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Thread: R1b migration map

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    R1b migration map





    1-Mr maciamo please in this map you will note that their is a migration of R1b in europe in dark red colour ,Is this the halstatt migration?and if it is so why it didnot go to spain ,france and britain?
    2-it is show that R1b S116 went to scandinavia and italy and greece ,so please could you tell me which subclade of S116 that went to those parts during the halstatt period?Is it S28?

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    1. Yes, the dark red arrow represent the first migration from the Hallstatt region to Italy. I believe that there were several migrations from the Alps region during the whole Hallstatt and La Tène period (1200 to 50 BCE). I didn't want to cluster the map so I stopped around 1000 BCE, at the beginning of Hallstatt. There were already other arrows of previous migrations to Britain, France and Iberia, so it would have been difficult to read.

    The main purpose of this map is to show where R1b originated and how it spread to the different parts of the world where it is found nowadays, in a chronological order. R1b-S28 in Britain or Iberia is only a minority of all R1b and therefore it wasn't so important to display it.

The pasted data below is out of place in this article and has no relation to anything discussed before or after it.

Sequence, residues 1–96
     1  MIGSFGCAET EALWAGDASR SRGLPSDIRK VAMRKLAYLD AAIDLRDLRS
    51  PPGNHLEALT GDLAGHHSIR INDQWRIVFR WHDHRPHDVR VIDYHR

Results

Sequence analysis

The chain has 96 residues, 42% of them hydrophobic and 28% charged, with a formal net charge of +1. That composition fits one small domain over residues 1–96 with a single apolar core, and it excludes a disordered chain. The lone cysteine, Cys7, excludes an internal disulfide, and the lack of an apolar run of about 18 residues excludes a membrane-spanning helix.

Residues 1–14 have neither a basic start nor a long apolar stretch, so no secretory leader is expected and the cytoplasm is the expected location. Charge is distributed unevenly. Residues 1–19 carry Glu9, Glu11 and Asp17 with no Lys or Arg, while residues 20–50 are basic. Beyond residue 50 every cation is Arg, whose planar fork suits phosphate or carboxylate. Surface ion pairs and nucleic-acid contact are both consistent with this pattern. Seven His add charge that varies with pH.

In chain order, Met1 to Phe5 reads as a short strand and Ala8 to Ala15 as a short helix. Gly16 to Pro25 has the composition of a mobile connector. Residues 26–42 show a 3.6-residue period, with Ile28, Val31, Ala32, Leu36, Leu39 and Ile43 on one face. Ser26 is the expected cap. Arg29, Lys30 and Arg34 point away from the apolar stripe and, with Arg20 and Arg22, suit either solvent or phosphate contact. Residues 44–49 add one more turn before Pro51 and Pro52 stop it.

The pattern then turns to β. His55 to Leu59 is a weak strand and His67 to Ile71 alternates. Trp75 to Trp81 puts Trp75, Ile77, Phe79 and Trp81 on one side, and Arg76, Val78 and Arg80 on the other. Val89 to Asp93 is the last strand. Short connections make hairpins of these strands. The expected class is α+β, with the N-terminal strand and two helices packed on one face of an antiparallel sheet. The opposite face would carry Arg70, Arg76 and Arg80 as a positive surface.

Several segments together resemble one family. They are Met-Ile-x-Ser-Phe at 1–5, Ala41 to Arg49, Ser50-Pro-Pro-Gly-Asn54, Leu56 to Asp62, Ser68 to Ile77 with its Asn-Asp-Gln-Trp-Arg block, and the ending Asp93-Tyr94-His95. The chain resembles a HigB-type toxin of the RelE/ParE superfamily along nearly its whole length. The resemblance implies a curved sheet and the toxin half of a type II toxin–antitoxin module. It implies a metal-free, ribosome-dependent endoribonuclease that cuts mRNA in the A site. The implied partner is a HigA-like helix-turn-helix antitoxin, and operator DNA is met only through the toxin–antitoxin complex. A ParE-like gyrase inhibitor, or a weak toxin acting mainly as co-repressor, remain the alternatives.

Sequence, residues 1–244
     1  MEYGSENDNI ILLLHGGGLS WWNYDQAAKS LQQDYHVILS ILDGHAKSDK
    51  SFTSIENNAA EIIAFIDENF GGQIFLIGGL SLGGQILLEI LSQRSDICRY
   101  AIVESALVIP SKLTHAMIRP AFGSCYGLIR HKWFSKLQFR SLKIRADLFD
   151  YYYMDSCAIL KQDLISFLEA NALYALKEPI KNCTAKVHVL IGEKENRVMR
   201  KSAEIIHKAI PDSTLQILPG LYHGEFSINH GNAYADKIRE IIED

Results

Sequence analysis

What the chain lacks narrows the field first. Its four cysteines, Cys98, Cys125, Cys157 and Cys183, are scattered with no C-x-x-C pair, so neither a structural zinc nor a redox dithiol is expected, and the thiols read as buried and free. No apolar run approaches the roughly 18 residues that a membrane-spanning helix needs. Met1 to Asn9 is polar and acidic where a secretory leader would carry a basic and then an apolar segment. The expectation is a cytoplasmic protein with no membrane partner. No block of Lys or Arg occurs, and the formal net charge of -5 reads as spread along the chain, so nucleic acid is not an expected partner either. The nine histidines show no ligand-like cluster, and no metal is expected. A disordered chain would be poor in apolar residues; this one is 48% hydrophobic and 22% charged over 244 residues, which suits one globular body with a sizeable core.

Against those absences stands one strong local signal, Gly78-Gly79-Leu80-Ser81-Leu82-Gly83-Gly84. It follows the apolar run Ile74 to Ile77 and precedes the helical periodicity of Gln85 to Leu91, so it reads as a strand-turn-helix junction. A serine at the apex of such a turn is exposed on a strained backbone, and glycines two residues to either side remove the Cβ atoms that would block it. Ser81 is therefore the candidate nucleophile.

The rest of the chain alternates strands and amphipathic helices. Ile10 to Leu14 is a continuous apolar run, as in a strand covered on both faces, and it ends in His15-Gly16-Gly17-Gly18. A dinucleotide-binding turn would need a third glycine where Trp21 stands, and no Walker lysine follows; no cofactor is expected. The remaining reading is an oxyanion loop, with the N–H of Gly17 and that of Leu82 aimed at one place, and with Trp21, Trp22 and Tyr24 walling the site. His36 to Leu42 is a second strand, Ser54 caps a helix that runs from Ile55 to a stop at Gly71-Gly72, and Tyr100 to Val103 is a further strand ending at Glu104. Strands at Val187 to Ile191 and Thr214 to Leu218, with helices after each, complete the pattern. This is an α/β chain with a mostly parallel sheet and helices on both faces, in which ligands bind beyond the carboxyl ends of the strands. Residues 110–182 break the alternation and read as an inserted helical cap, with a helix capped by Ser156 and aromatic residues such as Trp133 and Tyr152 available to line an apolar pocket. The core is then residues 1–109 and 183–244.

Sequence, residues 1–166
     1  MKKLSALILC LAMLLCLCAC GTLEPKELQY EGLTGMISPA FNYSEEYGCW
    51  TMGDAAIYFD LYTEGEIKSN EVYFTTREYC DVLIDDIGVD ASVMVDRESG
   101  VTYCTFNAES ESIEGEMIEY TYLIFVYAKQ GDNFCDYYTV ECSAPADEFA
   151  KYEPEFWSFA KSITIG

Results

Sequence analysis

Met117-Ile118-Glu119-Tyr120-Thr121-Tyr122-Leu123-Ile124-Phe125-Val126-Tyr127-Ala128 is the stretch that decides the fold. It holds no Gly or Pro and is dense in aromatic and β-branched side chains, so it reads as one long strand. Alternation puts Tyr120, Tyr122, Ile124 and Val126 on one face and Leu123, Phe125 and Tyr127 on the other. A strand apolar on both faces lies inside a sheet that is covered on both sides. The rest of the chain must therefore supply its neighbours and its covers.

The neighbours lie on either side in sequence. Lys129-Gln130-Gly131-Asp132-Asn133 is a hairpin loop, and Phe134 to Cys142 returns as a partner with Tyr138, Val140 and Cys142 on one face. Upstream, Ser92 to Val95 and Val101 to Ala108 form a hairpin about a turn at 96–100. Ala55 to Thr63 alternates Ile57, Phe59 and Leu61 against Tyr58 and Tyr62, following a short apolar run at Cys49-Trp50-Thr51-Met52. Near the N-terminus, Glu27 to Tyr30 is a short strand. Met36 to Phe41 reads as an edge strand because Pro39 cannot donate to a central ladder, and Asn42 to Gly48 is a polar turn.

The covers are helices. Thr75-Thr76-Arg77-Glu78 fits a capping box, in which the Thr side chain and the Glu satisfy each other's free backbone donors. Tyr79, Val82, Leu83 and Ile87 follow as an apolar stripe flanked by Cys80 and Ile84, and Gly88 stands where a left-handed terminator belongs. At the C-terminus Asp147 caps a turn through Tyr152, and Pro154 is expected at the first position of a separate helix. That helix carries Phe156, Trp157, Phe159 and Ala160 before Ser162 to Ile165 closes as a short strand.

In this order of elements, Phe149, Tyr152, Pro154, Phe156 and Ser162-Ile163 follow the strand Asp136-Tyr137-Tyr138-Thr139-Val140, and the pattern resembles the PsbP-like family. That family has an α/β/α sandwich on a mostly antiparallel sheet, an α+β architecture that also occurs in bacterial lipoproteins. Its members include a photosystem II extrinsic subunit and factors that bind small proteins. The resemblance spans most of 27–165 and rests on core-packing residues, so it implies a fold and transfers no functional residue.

2. Most of the R1b-S116 in Scandinavia, Greece and Iberia is still simply R1b-S116 nowadays (or at least subclades haven't been identified yet). Scandinavia has the particularity of having a great diversity of minor subclades (S21, S28, L21), which all probably came from Germany. S28 is likely to have come during the Hallstatt period, while S21 came earlier. I am trying to figure out when L21 arrived in Scandinavia. L21 and S28 are both more common in southern Germany, while S21 is more frequent in northern Germany, so it is possible that L21 was part of an early Hallstatt migration too. However I am inclined to think that L21 correspond to an even earlier migration from southern Germany, maybe around 2000 BCE (same time as when L21 supposedly went to Britain).